NEWS | Sept. 22, 2016

15th CWMD Global Synchronization Conference

By Defense Threat Reduction Agency

FORT BELVOIR, Virginia − Senior military leaders, representatives from some of the closest U.S. allies, and members of the Threat Reduction Advisory Committee were joined by other experts at the 15th Combating Weapons of Mass Destruction (CWMD) Global Synchronization Conference (GSC) this week at the National Geospatial-Intelligence Agency on Fort Belvoir.

The semi-annual GSC, hosted by the Defense Threat Reduction Agency/U.S. Strategic Command (USSTRATCOM) Center for Combating Weapons of Mass Destruction (DTRA/SCC-WMD), started in 2008 and brings together hundreds of experts and senior leaders from the military services, the Pentagon, other U.S. government agencies, and allied nations to share ideas, information, and coordinate U.S.-led efforts to combat WMD around the world.

“Quite frankly, the countering WMD threats mission has gotten harder,” said DTRA/SCC-WMD Acting Director Shari Durand. “During the Cold War, most of our focus was on nation states. We were worried about huge stockpiles of nuclear weapons. While we remain concerned about the acquisition of weapons by state actors, an emerging concern is terrorist or violent extremist group acquisition of WMD materials that could be stolen, modified, or enhanced for use as a weapon.”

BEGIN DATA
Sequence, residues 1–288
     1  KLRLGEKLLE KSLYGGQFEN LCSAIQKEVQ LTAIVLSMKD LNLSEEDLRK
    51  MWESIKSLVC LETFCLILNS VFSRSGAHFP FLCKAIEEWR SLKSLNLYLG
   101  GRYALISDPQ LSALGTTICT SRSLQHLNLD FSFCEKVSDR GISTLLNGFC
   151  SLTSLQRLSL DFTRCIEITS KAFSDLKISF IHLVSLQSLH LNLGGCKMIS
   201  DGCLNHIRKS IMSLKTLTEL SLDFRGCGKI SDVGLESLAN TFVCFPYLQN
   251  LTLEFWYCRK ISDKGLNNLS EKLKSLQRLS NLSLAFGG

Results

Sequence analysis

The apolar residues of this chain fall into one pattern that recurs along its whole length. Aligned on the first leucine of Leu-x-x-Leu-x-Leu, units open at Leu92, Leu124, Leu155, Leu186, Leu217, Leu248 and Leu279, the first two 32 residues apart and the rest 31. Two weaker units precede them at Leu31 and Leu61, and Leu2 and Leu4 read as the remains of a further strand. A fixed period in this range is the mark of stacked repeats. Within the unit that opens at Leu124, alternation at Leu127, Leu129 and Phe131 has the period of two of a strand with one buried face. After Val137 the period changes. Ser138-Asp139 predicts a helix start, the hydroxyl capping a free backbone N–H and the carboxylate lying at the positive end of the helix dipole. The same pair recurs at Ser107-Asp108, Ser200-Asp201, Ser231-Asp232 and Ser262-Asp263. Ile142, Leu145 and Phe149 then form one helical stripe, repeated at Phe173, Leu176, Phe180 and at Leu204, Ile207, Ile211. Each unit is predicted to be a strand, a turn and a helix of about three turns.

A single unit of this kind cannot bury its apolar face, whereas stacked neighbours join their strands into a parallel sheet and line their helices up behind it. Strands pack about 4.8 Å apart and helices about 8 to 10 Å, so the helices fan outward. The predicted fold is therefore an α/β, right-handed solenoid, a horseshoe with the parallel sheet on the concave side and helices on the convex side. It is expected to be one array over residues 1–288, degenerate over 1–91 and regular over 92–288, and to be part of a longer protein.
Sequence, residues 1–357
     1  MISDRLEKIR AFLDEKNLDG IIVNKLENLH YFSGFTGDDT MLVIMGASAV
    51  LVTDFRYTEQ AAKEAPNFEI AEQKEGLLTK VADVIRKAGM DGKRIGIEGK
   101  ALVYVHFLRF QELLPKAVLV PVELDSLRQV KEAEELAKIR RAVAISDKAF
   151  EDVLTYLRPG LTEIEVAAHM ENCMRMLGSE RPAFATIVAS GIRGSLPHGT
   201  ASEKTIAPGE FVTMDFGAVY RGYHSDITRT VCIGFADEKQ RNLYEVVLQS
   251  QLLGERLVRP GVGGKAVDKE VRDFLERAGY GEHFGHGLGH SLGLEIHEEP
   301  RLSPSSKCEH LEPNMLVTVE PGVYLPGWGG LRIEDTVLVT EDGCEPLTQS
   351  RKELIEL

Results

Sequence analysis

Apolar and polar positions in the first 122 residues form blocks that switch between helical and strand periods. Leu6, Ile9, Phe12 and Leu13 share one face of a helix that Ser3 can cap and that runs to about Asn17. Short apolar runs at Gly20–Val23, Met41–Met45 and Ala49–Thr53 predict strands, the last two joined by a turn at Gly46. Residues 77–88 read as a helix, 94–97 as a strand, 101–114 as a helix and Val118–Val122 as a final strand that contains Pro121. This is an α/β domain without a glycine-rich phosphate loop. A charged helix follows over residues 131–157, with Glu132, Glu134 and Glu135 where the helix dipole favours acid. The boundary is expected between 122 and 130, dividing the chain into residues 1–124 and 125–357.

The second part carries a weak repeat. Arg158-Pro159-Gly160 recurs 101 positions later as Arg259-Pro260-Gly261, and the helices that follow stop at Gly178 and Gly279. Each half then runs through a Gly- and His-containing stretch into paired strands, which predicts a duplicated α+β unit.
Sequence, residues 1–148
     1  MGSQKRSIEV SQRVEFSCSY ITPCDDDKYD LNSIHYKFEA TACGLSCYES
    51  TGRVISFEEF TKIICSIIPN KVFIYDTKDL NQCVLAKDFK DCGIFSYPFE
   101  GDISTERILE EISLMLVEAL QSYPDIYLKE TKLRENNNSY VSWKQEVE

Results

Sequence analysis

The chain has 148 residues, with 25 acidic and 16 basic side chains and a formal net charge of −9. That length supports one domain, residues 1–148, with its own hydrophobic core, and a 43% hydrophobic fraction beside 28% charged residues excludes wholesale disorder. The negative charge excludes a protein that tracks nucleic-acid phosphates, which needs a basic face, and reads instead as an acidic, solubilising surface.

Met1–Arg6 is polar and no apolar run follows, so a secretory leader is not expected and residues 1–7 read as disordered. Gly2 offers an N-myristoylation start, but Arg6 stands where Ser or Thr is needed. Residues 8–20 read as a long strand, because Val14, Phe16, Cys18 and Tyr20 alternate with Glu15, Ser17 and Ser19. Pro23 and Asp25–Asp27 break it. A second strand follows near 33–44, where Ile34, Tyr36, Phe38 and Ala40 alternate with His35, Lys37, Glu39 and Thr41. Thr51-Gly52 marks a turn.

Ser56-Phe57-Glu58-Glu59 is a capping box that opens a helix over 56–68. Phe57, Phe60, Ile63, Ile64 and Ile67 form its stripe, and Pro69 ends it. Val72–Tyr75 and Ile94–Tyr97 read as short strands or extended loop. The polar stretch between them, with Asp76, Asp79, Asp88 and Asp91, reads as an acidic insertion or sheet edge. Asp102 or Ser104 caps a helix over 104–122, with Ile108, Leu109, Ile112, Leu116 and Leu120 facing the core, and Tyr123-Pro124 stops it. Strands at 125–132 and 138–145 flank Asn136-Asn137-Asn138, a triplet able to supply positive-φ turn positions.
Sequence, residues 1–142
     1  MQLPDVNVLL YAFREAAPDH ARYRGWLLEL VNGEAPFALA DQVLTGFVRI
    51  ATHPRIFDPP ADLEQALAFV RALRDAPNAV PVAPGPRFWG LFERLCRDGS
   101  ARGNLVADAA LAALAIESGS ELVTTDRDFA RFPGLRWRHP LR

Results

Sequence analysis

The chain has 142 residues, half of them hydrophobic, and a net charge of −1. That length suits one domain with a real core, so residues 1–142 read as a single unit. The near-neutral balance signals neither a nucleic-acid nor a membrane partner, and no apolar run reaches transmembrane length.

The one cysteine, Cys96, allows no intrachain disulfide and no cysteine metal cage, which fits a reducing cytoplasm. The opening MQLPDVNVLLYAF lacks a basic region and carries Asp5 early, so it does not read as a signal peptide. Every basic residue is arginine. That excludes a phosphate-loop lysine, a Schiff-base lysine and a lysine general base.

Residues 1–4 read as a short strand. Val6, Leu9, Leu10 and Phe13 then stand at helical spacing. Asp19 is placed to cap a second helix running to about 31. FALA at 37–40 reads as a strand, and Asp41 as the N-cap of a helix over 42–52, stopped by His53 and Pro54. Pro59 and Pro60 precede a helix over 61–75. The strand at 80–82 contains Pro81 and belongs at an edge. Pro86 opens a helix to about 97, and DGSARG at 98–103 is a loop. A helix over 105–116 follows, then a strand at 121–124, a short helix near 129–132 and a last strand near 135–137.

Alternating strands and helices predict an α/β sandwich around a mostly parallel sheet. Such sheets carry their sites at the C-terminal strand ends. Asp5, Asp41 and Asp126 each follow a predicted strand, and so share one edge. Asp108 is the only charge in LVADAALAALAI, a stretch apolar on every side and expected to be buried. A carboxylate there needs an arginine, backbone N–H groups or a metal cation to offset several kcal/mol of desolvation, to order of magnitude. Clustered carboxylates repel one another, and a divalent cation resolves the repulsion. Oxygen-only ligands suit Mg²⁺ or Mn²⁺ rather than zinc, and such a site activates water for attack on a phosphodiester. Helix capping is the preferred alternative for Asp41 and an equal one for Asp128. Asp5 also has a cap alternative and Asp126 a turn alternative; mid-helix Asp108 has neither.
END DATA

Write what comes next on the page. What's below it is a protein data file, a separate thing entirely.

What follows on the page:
Durand was joined at the conference by Adm. Cecil Haney, commander of USSTRATCOM; Adm. Kurt Tidd, commander of U.S. Southern Command; Gen. Raymond Thomas, commander of U.S. Special Operations Command (USSOCOM); Rear Adm. Scott Jerabek, deputy director of DTRA/SCC-WMD; and representatives from partner nations.

This was the last GSC to be held under the current organization and under the leadership of Haney − the SCC-WMD currently falls under USSTRATCOM and Haney, but will soon move under USSOCOM and Gen. Thomas. Durand took time to recognize Haney""s leadership, guidance, and support of the CWMD mission and the GSC, and noted that DTRA/SCC-WMD will still maintain a strong relationship with Haney and USSTRATCOM.

“I see this change as a step forward and as progress in increasing our capability and perhaps capacity to better counter weapons of mass destruction,” Haney said. “Countering weapons of mass destruction is not just a DoD problem. It relies on the interagency and the intelligence community, as well as the international community at large.”

“Countering WMD threats must be performed on a larger scale than just one single institution,” Durand said. “Success requires collaboration, communication, and creating systems and processes which allow for synchronization to truly occur. It also requires a forum to facilitate coordination and to get the right experts in the room in the right working groups to work through problems to an agreeable solution.”

The three-day conference included a senior leader table top exercise dealing with a realistic scenario involving weapons of mass destruction, several information panels designed to enhance interagency and international coordination, and a variety of small group activities and presentations aimed at building new relationships and strengthening existing relationships.